Guess what? She's totally still a journalist, as the Court explains:
In reviewing Ms. Renna's website, blog, and her numerous blog posts, it is clear that Ms. Renna and her two or three other bloggers do in fact author posts about alleged occurrences and issues related to Union County governance and politics not covered by other media sources. As pointed out during argument, most local publications no longer provide in-depth coverage of county news. Local newspapers and on-line publications show a lack of detail on, for example, freeholder meetings and actions taken by county government. Moreover, while the quality of Renna's writing is not akin to that of a print news reporter, or professional blogger such as Matt Drudge of the Drudge Report or Arianna Huffington of the Huffington Post, the Supreme Court in Too Much Media made clear that a claimant need not be a professional to obtain protection under the privilege. While, it is also evident that Ms. Renna's posts often devolve into ad hominem attacks characterizing county employees as "psychopaths" and "Nazis," prior to this point, the courts have not limited the protection to claimants who consistently and exclusively author newsworthy writings, or only to those who uphold certain journalistic standards in their writing and conduct.
(They were Nazis, dude?) Was it done for a news-gathering/making purpose, even though she's totally biased? Heck yes:
Being a reporter and citizen watchdog are not mutually exclusive. In addition, the State cites to no cases or governing law which require that a news entity be unbiased in order to meet this second factor. In fact, many national publications such as The Weekly Standard (conservative) and The New Republic (liberal) have a point of view, yet are considered mainstream publications employing journalists to report on newsworthy events despite their ideological bent.
And so that's it. She wins. Subpoena goes bye-bye. Good day for online journalism.

To learn more about shield laws in your state, go here.

Originally posted to Adam B on Thu Apr 18, 2013 at 01:43 PM PDT.

Also republished by Discussing The Law: TalkLeft's View On Law and Politics and Daily Kos.

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Comment Preferences

  •  So...that means we're going to get paid (4+ / 0-)
    Recommended by:
    GreenMother, commonmass, ColoTim, rebel ga

    any day now, right? ;)

    Too many in this country feel the Constitution should include the 2nd Amendment. And nothing else.

    by blueoregon on Thu Apr 18, 2013 at 02:08:47 PM PDT

  •  It's good to read this. (4+ / 0-)
    Recommended by:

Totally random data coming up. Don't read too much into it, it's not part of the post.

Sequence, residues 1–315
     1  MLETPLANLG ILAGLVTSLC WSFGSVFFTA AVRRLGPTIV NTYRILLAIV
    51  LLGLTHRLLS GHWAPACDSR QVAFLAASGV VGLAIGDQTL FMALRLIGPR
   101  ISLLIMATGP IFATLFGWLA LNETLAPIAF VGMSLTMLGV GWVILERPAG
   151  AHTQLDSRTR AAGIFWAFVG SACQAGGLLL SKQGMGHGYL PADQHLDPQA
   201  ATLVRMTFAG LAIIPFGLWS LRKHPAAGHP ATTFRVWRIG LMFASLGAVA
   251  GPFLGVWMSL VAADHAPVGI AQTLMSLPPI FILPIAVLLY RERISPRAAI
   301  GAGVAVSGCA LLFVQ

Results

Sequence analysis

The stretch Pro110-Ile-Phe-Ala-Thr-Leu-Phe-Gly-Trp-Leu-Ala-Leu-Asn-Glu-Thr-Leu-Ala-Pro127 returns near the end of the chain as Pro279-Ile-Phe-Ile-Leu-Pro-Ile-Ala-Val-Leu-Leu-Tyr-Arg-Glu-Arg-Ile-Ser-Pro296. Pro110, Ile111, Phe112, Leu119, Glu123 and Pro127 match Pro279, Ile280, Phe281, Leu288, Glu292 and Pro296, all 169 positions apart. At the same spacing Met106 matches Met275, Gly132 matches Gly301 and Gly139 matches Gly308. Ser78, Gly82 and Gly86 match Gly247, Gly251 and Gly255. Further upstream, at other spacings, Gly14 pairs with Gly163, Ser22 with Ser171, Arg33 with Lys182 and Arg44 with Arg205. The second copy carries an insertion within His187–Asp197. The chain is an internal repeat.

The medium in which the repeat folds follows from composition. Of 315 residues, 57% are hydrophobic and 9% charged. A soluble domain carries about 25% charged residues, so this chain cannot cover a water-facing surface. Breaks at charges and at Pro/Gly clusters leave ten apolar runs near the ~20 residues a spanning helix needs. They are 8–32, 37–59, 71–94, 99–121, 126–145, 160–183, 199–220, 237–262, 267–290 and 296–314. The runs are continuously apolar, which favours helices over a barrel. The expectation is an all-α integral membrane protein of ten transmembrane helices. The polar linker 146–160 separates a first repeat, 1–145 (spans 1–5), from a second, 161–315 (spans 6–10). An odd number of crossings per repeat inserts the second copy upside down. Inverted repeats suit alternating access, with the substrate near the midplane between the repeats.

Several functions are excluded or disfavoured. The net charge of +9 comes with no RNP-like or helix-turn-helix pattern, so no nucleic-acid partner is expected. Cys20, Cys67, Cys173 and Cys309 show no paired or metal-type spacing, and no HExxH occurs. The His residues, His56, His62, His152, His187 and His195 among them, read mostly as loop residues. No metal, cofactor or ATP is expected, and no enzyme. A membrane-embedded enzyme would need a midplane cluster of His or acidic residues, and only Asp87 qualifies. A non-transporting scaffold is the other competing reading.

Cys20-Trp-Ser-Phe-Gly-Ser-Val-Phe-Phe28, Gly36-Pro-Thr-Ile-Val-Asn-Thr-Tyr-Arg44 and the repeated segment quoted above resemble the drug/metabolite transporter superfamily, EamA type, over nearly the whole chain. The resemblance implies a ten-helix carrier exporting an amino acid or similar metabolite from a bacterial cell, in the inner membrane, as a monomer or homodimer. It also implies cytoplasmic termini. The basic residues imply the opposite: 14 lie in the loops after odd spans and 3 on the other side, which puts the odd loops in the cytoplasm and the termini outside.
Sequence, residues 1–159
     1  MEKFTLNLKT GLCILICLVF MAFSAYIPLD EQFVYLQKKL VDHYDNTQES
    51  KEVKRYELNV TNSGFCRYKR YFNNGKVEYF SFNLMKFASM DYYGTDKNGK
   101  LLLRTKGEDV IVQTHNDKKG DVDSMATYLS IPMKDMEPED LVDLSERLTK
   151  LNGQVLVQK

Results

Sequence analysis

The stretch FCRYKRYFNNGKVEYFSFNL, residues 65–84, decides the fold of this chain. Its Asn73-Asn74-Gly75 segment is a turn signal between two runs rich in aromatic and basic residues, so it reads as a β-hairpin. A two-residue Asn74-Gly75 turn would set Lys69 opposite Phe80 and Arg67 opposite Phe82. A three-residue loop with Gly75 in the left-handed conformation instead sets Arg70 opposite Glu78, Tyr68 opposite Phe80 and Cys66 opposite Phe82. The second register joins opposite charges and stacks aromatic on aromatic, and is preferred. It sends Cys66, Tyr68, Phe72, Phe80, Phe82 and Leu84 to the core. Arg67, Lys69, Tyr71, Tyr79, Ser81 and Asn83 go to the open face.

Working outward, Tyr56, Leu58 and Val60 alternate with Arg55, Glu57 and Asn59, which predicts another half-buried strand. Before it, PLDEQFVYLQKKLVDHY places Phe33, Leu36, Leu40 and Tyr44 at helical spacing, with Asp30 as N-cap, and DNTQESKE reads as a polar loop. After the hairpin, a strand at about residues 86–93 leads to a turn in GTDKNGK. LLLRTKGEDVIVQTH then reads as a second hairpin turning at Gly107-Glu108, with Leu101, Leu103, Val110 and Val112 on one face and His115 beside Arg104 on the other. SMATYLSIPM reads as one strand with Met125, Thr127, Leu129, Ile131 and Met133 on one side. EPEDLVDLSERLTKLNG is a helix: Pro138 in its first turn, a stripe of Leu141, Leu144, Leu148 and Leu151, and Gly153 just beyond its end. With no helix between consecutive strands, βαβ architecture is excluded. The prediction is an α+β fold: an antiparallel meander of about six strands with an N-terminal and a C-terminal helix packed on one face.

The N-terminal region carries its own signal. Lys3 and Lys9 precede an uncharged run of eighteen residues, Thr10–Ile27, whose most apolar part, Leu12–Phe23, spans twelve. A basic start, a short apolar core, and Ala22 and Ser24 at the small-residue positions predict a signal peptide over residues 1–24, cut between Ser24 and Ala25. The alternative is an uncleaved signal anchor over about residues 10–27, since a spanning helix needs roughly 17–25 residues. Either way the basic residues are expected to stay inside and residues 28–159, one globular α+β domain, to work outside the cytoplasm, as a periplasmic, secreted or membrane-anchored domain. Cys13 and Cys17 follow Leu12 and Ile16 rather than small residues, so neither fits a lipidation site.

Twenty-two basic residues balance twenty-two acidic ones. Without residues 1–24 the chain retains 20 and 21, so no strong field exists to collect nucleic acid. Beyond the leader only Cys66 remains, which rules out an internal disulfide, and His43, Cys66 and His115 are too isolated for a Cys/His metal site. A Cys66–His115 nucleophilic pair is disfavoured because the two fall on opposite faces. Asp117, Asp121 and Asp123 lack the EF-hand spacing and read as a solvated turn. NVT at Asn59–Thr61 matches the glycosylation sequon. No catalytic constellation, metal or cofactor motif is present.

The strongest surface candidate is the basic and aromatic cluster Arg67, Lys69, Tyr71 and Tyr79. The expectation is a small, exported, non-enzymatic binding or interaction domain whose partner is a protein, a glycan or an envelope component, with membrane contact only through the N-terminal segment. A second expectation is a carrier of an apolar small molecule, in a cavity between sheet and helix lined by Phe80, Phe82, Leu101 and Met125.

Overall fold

Adam B, commonmass, ColoTim, dadadata

    As far as all the things alleged to not make her a journalist, I can say, that every one of those characteristics or flaws can be found in professional journalism, including the use of profanity. It really depends on the publication, when it comes to use of slang and profanity.

    •  heh, especially this one: (0+ / 0-)
      spelling and grammar mistakes contained in the blog
      Ask any professional copyeditor or proofreader about journalists' ability to spell, punctuate, or use correct grammar.

      I mean, that is exactly why copyediting and proofreading jobs exist in the first place.

      Irony takes a worse beating from Republicans than Wile E. Coyote does from Acme. --Tara the Antisocial Social Worker

      by Youffraita on Sun Apr 21, 2013 at 01:37:11 AM PDT

      [ Parent ]

  •  Well, IF that were a factor, (2+ / 0-)
    Recommended by:
    commonmass, ColoTim
    (4) spelling and grammar mistakes contained in the blog
    Every online newspaper and blog would be guilty of #4.
  •  Committing acts of journalism (2+ / 0-)
    Recommended by:
    rebel ga, Simplify

    Ultimately, the test needs to be whether someone is engaging in acts of journalism - regardless of how the person, or entity, describes itself.

    Consider Marcy Wheeler, for instance, and her reporting about sophisticated legal issues.  Consider the morning infotainment shows that refer to themselves as "morning news" programs.

    The issue is not whether the person is employed as a "journalist" or acting as a "blogger" as much as it is whether the person is engaged in journalism.

    sláinte,
    cl
    -- Religion is like sodomy: both can be harmless when practiced between consenting adults but neither should be imposed upon children.

    by Caoimhin Laochdha on Thu Apr 18, 2013 at 04:08:39 PM PDT

    •  And then when you compare to (1+ / 0-)
      Recommended by:
      Caoimhin Laochdha

      the standards in the case:

      He further argues that Renna's writing is similar to Maureen Dowd or Paul Mulshine in that she engages in original investigative journalism.
      Maurine Dowd, investigative journalist? Ah, hahahahaha...
      Moreover, while the quality of Renna's writing is not akin to that of a print news reporter, or professional blogger such as Matt Drudge of the Drudge Report or Arianna Huffington of the Huffington Post,
      Matt Drudge, quality? Haha, ow, you're hurting me!

      Government and laws are the agreement we all make to secure everyone's freedom.

      by Simplify on Thu Apr 18, 2013 at 08:26:24 PM PDT

      [ Parent ]

  •  Much appreciated, Adam. (0+ / 0-)

    As for this load of fresh manure:

    They point to the following as evidence that Ms. Renna should not be considered a journalist: (1) Ms. Renna's use of profanities in her written blog and on videos posted on her site, (2) Ms. Renna's failure to publicly identify herself as a journalist, (3) Ms. Renna's frequent self-identification as a "watchdog" and "citizen activist," (4) spelling and grammar mistakes contained in the blog, (5) a single instance of plagiarism, (6) Mrs. Renna's failure to issue corrections or to indicate when content in the blog has been changed or modified, (7) alleged bias from Ms. Renna's husband's county employment termination and his subsequent freeholder candidacy, (8) Mrs. Renna's participation in local politics as a Republican Committee person in Cranford, and finally (8) Ms. Renna's failure to disclose such alleged bias to her readers....